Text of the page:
EMOM Workout #1: Bodyweight

The first workout is ideal for beginners and those new to EMOM training. Here you will be tackling four 5-minute EMOM workouts. Each workout focuses on a different bodyweight exercise. Because there is no additional resistance involved (other than your bodyweight of course) and the exercises are simple, you should aim for a higher rep target.

Suggested rep targets accompany each exercise.

5 x 1-minute press-ups (20 to 40reps)
5 x 1-minute squat jumps (20 to 30reps)
5 x 1-minute pull-ups (5 to 12reps)
5 x 1-minute burpees (10 to 25reps)

EMOM Workout #2: 20-Minute Whole-body Fitness

The objective of this EMOM workout is to provide you with a whole-body training session. This workout includes resistance, body weight, and cardiovascular exercises. So, while developing muscular strength and endurance, you’ll also improve your cardio fitness as well.

5 x 1-minute bastods (10 to 20reps)
5 x 1-minute rowing (100 to 200-metres)
5 x 1-minute kettlebell swings (10 to 20reps)
5 x 1-minute hang cleans into overhead press (6 to 12reps)

EMOM Workout #3: 30-Minute Complete Strength Builder

This workout is organised around the clean and press exercise. Instead of completing the exercise in its full form, it has been broken down into its constituent parts. You will spend 6-minutes on each part with the option of piecing the parts back together and going for an additional 6-minutes for the full exercise.

Aim for a target of between 8 to 12 repetitions. Of course, the weight you select will largely determine your rep target. It is good EMOM practice to increase the load when you progress into the latter part of the workout. So you could, as an idea, aim for 12 lighter weight reps for the first 4-minutes then increase the weight and reduce the reps for the final 2-minutes of each set.

6 x 1-minute deadlifts
6 x 1-minute hang cleans
6 x 1-minute front squats
6 x 1-minute standing shoulder press
6 x 1-minute complete clean and press

EMOM Workout #4: 20-minute kettlebell clean and press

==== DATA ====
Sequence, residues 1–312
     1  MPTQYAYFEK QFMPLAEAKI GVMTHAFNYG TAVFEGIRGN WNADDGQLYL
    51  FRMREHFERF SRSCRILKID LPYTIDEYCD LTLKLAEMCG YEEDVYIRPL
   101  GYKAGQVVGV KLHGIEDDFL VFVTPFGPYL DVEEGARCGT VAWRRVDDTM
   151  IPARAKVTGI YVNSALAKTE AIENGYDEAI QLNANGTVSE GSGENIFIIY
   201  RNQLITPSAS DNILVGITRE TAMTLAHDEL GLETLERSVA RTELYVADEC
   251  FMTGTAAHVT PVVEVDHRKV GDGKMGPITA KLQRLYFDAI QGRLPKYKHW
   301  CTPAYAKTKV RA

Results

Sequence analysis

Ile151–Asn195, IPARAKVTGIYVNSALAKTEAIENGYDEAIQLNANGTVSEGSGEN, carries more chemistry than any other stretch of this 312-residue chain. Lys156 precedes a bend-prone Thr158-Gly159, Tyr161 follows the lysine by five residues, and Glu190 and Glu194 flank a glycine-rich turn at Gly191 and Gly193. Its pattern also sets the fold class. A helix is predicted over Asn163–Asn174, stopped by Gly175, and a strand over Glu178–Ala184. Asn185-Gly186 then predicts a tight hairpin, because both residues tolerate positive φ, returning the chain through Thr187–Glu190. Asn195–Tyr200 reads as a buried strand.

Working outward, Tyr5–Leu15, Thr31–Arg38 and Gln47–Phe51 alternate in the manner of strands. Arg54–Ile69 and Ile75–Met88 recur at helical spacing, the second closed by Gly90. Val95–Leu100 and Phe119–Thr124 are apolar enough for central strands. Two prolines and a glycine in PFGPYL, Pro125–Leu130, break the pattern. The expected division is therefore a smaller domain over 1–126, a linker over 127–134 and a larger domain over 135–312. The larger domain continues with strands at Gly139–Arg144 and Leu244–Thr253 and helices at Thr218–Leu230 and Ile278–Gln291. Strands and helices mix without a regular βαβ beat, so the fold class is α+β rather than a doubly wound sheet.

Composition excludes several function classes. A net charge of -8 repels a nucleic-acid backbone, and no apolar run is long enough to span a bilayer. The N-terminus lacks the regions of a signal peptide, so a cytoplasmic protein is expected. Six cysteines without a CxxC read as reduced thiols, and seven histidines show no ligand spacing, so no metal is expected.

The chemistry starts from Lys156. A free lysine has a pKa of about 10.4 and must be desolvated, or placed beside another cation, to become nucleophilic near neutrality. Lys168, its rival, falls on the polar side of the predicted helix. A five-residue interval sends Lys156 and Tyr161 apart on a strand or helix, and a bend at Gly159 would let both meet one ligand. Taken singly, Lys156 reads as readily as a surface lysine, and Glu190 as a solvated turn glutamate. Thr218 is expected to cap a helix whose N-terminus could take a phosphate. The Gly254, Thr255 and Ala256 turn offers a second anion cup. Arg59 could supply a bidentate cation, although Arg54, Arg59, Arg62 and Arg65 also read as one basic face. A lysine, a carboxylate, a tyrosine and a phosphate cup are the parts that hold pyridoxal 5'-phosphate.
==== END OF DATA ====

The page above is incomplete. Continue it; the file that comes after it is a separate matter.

Following the theme of workout 3, we’re going to split the kettlebell clean and press into two parts each forming its own EMOM workout. Again, there is the option of increasing the duration and intensity of this workout by piecing the two parts back into one complete movement.

Also, if you’re feeling up to the challenge, you can slip a 10-minute kettlebell thruster (of goblet squat) EMOM between the clean and press. By doing so you’d turn this session into a monstrous workout.

10 x 1-minute clean (8reps (4reps on each arm))
10 x 1-minute thruster (8reps) (optional)
10 x 1-minute press (8reps (4reps on each arm))
10 x 1-minute clean and press (6reps (3reps on each arm)) (optional)


The Final Minute

If this article has done its job, you should by now have all the knowledge necessary to design and implement your own EMOM workouts. In addition, you’ve got 4 whole-body EMOM workouts to have a go at.

Before we part ways, I wanted to share with you a few more EMOM training ideas. After you’ve mastered the basics you can use the ideas in your EMOM workouts to increase training intensity.

EMOM workout ideas

You don’t have to stick to the same repetition target. For example, let’s say you’re going to work through a 10-minute deadlift EMOM. Initially, you set the rep target at 6. Instead of sticking to that target, consider incrementally increasing the rep count by 1 repetition every minute. This technique both significantly increases volume – especially if you’re EMOMing for 20-plus-minutes – and intensity.

It’s a self-imposed rule of mine that when I enter the last minute I do not stop until the timer sounds. I set myself the challenge of doubling the standard rep target over the final minute. This is the EMOM equivalent of a sprint finish.

Remember, it’s not a written rule that you have to stick with the same weight throughout your EMOM workout. It is good training practice to change up gears throughout any workout by either a) increasing reps, or b) increasing weight. By adding more weight to your resistance exercises you will force the muscle to work harder which in turn will encourage strength gains. Just remember, if you do decide to increase weight, take small jumps as opposed to large leaps.


Enjoyed these workouts? Have they left you hungry for more? The Hungry4Fitness Book of Circuits Vol. 1. contains 50 tried and tested circuits and workouts for all levels and abilities.

Circuit training is one of the best forms of physical exercise for maintaining and increasing overall fitness. A well-designed circuit will provide a great cardiovascular workout, strengthening the heart and lungs in the process, whilst also improving muscle endurance and developing functional strength. This unique combination, of fat burning and muscle building, which singular exercises, such as running, cycling, swimming, or weights cannot give, will help to sculpt a lean defined physique.


(As we are very interested in user experience here at Hungry4Fitness, we would be very grateful if you could take a few seconds out of your day to leave a comment. Thanks in advance!)

Blog Author

Adam Priest, former Royal Marines Commando, is a personal trainer, lecturer, boxing and Thai boxing enthusiast.